(Last Updated on : 11/06/2018)
Scheduled Tribes (STs) are spread across the forest
and hilly regions of India like Madhya Pradesh
, Andhra Pradesh
, West Bengal
. The crucial features of these communities
are ancient characteristics, geographical separation, idiosyncratic culture, timidity of contact.
Indian Constitution and Development of Scheduled Tribes
The founders of Indian constitution
were responsive of their problems and made special conditions for their fortification and improvement. The main safeguards of Scheduled Tribes
include the sponsorship of educational and economic interests and their security from social injustices and all forms of development. The constitution presents special representation for the STs in the Lok Sabha
and State legislative assemblies till 25th January, 2010 and commands the setting up of separate departments in the States
and National Commission at the Centre to help their welfare. Later on with a view to successfully deal with the crimes against the Scheduled Tribes, two special laws Protection of Civil Rights Act 1955 and the Scheduled Castes, Scheduled Tribes (Prevention of Atrocities) Act 1989 were passed.
Special economic development of the Scheduled Tribes and protection against their exploitation has been an important programme of the Government
. To certify that the legitimate mandates, high precedence for the welfare and development of Scheduled Tribes right from the beginning of the First Five Year Plan is being on agreement. Recognising their special problems the principles of Panchsheel have been adopted in the welfare and development of these communities. An essential landmark was opening of 43 Special Multipurpose Tribal Blocks (SMPTBs) in the Second Five Year Plan, later called Tribal Development Blocks (TDBs). Further, an important step in this bearing was taken in the Fourth Five Year Plan when six pilot projects in Andhra Pradesh, Bihar, Madhya Pradesh and Odisha were set up in the Central sector. A separate Tribal Development Agency was established for each project. The Commissions and Committees selected by the Government to check the tribal state of affairs brought to its notice that the percolation theory had not helped the tribal population.
The Tribal Sub-Plans for Scheduled Tribes
The Fifth Five Year Plan marked a move when the Tribal Sub Plan (TSP) for the direct advantage of the STs was launched. The Tribal Sub-Plan for the Scheduled Tribes was designed to channelize the flow of expends and benefits from the general sectors in the plans of the States and Union Territories
(UTs) and Central Ministries in amount to their population. It is mainly an area development curriculum with focus on tribal
under which infrastructural development and family- oriented programmes are undertaken.
The Ministry of Tribal Affairs
is a preservative to the Tribal Sub Plan of the States and UTs and grants under Article 275 (1) of the Constitution for raising the level of infrastructure in the Scheduled Areas and economic development of the Scheduled Tribes. It is also executing different Centrally-sponsored and Central sector schemes under which monetary assistance is given to the States and UTs for the construction of hostels and coaching of ST students for competitive examinations and the development of their worth, research and training, setting up of ashram schools, professional training centres, village grain banks, educational complexes for ST girls and the development of primitive tribal groups. Besides this, non-governmental organisations (NGOs) have also been involved in the development of STs.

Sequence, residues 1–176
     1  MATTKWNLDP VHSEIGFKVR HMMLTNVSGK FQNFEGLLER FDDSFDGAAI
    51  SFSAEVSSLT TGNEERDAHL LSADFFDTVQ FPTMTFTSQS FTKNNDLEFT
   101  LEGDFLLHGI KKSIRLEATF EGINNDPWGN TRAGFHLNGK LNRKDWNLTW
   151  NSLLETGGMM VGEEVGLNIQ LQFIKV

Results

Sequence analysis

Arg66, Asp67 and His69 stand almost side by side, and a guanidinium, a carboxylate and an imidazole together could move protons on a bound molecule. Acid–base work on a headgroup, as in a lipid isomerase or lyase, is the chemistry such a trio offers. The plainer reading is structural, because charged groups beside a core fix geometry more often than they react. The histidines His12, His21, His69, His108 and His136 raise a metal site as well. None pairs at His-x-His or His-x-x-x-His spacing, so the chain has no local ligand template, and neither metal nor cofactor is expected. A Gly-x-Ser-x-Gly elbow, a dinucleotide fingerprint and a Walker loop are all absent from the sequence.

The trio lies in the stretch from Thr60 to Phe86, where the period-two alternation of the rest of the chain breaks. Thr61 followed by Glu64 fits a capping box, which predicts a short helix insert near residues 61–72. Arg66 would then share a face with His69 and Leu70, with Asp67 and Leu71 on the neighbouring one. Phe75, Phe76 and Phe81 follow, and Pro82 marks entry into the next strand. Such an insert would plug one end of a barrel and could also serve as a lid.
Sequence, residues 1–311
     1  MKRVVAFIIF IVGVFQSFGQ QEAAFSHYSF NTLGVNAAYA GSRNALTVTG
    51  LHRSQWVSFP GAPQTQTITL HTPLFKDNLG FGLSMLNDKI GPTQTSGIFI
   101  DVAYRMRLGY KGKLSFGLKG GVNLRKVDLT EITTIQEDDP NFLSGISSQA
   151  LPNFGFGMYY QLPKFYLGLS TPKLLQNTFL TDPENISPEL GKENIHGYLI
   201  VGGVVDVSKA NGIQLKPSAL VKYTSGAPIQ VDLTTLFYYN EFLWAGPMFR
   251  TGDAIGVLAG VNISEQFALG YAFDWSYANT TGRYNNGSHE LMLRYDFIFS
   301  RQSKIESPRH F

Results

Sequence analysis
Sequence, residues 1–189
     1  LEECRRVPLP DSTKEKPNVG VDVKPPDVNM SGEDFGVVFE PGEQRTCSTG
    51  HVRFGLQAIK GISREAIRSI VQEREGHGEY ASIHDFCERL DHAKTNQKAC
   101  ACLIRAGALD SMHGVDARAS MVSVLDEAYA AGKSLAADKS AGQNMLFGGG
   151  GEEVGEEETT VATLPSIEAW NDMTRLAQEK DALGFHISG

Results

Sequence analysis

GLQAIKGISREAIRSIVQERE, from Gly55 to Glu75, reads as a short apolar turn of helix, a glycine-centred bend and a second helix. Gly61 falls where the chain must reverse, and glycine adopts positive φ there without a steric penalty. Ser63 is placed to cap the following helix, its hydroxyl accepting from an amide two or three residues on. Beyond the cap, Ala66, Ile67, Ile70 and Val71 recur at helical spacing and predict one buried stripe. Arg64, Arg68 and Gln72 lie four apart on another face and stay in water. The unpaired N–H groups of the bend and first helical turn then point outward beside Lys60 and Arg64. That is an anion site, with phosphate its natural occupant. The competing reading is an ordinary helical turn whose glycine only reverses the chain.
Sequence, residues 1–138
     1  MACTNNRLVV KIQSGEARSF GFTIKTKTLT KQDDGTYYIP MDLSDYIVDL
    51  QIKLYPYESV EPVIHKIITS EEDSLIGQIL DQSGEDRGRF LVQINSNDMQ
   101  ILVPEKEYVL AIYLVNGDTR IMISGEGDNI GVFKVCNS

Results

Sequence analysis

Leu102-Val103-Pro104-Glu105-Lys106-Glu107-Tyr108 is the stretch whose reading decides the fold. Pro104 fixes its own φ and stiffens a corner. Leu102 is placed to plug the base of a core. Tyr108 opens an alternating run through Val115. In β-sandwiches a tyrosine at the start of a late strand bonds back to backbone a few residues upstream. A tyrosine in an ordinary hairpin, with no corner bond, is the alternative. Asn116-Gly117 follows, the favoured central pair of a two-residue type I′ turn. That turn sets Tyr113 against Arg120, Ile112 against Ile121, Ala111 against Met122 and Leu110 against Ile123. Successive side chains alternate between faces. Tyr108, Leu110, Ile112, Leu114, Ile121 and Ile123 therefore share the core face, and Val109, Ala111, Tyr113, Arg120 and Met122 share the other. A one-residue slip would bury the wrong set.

With the main purpose of providing marketing support and remunerative prices to the tribal population for their minor forest produce (MFP) and surplus agricultural produce (SAP) and to wean them away from exploitative private traders, the Tribal Cooperative Marketing Development Federation (TRIFED) was set up by the Government in the year 1987. The Government is working hard towards a new social order based on social equality and social harmony.
Constitutional Remedies for Scheduled Tribes
Following are the different Constitutional Remedies for the Scheduled Tribes:
Article 330 of the Indian Constitution states the Reservation of seats for Scheduled Castes and Scheduled Tribes in the House of the People.
Article 332 of the Indian Constitution states the Reservation of seats for Scheduled Castes and Scheduled Tribes in the Legislative Assemblies of the States.
Article 334 of the Indian Constitution states the Reservation of seats and special representation to cease after sixty years.
Article 243D of the Indian Constitution states the Reservation of seats (in Panchayats).
Article 164(1) provides that in the States of Chhattisgarh, Jharkhand, Madhya Pradesh and Odisha there shall be a Minister in charge of tribal welfare who may in addition be in charge of the welfare of the Scheduled Castes and backward classes or any other work.
Article 371A has special provisions with respect to the State of Nagaland.
Article 371B has special provisions with respect to the State of Assam.
Article 371C has special provisions with respect to the State of Manipur.
Article 371F has special provisions with respect to Sikkim.